You may also want to check who has access to your content. This can be a surprising number of people, in the thousands, depending on how the provider allocates transcriptions. You can reduce the risk by looking for companies who lock down access to only those who need it to complete the transcription.
Most transcription services are willing to sign NDAs. This is a good indication that they take data protection seriously. It is also critical to retaining control over your information. If they don’t sign an NDA, you have little recourse if your information is leaked. Make sure that they’re willing to sign an NDA and then follow through with getting one signed if you select them as a partner.
If a transcription service is not willing to sign an NDA, you should take that as a warning sign.
6. Not Using Offshore Transcribers
NDAs are important. But, that does not mean that a company will really have the ability to enforce such an agreement. Most transcription services operate using a dispersed network of transcribers. Sometimes, these networks operate on a global scale.
By offshoring transcripts, transcription services can lower prices. But, that comes at the expense of control. Many transcribers are based in countries with limited privacy laws and even lower tendencies to pursue violations. Regardless of the local circumstances, their location within a different legal jurisdiction than their employer makes it harder for that company to enforce NDAs and otherwise guarantee the safety of your data.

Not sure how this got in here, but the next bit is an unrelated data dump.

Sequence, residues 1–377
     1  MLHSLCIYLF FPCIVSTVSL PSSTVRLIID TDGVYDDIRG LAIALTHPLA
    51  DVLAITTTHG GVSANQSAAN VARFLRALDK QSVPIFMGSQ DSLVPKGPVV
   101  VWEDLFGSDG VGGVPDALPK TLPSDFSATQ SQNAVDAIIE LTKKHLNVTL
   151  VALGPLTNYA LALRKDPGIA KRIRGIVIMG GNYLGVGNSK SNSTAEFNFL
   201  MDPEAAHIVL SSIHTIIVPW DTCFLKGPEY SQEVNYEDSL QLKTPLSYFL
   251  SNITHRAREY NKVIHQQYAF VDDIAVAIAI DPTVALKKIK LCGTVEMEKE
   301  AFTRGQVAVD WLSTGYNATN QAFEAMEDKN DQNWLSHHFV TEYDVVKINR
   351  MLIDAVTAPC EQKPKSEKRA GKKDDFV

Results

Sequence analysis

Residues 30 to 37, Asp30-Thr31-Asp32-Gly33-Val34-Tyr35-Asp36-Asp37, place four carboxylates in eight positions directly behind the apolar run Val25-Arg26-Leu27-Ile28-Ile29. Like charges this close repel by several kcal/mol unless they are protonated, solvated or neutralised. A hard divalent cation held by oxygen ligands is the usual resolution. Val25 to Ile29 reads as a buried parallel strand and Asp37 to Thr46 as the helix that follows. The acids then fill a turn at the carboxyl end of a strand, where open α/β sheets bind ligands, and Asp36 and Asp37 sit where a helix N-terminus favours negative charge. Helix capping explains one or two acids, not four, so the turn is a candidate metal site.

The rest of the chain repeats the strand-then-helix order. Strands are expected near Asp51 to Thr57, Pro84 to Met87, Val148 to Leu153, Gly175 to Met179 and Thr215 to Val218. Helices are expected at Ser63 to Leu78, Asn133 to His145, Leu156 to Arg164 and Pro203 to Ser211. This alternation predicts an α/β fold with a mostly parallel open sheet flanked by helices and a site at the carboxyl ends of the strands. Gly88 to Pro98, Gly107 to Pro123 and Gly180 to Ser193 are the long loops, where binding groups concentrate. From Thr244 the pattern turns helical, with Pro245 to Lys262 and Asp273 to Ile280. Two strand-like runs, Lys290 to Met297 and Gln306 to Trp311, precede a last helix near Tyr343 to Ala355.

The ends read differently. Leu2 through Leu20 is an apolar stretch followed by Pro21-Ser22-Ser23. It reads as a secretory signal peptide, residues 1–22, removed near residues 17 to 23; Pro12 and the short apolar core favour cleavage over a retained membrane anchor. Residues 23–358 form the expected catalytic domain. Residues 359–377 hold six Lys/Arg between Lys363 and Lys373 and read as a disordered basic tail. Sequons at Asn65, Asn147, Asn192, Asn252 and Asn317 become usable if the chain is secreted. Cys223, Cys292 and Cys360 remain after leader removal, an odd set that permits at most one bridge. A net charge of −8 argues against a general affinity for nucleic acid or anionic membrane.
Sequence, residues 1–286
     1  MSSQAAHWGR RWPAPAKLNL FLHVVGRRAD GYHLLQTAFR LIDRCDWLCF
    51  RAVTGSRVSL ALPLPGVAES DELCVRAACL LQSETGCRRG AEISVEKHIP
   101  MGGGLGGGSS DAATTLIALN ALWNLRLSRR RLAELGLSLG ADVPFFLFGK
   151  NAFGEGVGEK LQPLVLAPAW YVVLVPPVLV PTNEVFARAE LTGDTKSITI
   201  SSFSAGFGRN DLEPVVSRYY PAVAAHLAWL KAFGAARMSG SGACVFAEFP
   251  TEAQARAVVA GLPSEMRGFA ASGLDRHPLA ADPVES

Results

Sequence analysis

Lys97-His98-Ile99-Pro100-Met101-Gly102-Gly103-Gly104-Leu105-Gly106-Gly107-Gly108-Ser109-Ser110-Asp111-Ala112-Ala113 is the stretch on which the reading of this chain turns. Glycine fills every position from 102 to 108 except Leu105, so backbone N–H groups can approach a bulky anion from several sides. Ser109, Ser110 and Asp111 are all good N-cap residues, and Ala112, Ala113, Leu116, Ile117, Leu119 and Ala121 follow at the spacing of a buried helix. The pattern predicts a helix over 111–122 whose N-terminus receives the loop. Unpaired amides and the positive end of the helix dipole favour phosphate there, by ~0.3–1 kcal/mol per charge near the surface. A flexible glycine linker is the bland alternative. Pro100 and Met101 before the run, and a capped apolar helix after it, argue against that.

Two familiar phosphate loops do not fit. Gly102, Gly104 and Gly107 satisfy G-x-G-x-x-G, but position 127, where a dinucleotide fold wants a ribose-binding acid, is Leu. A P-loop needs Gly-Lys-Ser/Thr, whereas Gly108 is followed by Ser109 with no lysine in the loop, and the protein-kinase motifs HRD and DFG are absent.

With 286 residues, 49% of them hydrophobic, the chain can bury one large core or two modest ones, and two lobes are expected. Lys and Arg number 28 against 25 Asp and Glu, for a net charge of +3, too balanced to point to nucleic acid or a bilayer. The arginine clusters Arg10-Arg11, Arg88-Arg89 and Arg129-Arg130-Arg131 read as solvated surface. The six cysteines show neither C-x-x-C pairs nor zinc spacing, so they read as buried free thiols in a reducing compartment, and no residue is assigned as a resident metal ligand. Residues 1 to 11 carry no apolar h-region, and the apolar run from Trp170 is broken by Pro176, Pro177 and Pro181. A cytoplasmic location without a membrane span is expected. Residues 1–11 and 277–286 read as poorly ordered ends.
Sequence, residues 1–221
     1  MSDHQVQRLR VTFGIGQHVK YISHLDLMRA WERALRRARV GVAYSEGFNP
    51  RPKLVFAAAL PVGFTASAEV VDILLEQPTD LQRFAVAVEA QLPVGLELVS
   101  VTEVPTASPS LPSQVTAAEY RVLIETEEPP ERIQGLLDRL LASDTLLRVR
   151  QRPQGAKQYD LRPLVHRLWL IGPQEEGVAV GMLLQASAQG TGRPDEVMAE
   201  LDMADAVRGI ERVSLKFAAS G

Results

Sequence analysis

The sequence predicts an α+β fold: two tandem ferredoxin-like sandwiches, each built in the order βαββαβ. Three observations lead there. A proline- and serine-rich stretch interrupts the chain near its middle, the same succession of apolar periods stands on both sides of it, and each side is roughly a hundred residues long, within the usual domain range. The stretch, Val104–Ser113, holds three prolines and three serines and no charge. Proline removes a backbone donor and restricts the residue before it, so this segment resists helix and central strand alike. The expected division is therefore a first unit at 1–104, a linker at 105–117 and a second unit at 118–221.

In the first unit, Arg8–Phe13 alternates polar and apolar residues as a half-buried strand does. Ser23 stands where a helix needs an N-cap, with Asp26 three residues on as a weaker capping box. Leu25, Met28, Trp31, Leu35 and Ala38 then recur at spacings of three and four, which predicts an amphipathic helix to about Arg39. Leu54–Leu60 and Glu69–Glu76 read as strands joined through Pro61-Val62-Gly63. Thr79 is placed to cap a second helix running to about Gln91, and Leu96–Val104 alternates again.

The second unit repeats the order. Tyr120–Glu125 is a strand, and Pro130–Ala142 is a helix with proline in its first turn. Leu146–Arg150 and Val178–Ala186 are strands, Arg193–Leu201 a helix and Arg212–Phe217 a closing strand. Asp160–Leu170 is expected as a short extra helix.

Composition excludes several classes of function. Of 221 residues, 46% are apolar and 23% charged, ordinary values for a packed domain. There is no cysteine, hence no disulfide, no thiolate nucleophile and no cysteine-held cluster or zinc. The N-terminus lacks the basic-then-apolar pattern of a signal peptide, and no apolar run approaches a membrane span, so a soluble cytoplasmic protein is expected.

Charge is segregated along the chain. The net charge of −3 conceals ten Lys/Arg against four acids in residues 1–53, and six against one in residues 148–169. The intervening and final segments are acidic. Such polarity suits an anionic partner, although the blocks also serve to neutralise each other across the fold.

If concerned about the security of your data, you should look for transcription services that make pledges about where their transcribers are based. You want to look for areas with high ethical business standards and judicial systems that pursue violations. If you operate in a country subject to strict privacy regulation (such as the GDPR), it is advisable to keep your transcription business partners within that region as well. If the location of transcribers is not mentioned at all, it is likely that the service uses an offshore workforce.
7. A Medium-Range Starting Price